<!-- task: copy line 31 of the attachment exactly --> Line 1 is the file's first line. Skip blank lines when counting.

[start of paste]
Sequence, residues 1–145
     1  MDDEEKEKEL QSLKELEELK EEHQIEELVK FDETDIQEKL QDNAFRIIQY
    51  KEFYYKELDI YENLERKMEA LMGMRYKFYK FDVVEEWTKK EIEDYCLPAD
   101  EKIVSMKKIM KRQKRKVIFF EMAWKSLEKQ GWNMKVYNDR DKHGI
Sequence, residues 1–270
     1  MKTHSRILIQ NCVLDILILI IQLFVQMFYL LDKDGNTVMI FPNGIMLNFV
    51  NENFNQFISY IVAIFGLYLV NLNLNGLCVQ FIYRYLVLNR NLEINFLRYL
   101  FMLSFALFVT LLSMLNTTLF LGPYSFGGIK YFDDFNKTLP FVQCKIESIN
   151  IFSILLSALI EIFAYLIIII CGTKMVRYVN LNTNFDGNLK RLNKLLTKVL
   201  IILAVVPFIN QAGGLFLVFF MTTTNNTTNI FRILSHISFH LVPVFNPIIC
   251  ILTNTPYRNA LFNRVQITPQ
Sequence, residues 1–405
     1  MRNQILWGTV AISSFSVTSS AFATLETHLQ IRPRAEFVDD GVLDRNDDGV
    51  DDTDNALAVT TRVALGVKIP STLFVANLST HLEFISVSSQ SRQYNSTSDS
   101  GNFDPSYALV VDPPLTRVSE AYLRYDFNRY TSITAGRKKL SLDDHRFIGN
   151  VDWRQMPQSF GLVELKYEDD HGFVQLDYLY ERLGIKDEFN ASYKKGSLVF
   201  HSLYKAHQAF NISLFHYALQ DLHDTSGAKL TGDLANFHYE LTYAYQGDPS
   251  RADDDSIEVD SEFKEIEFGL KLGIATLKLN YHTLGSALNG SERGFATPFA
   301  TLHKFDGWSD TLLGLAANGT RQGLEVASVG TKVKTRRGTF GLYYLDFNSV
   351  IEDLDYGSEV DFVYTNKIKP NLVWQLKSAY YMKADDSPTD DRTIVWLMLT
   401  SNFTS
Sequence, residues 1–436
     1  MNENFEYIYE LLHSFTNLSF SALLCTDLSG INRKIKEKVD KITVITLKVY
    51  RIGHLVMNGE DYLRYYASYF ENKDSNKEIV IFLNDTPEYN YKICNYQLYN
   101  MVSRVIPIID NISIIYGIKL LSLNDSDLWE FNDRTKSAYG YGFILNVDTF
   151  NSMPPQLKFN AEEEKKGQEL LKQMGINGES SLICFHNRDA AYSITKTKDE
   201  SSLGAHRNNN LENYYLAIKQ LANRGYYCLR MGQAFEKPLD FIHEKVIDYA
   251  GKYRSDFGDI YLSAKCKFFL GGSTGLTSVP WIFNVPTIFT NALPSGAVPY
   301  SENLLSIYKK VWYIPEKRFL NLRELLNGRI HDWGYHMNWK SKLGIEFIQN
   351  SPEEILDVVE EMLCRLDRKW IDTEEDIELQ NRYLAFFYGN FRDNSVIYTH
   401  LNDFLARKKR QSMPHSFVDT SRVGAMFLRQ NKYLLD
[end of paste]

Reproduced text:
   401  LNDFLARKKR QSMPHSFVDT SRVGAMFLRQ NKYLLD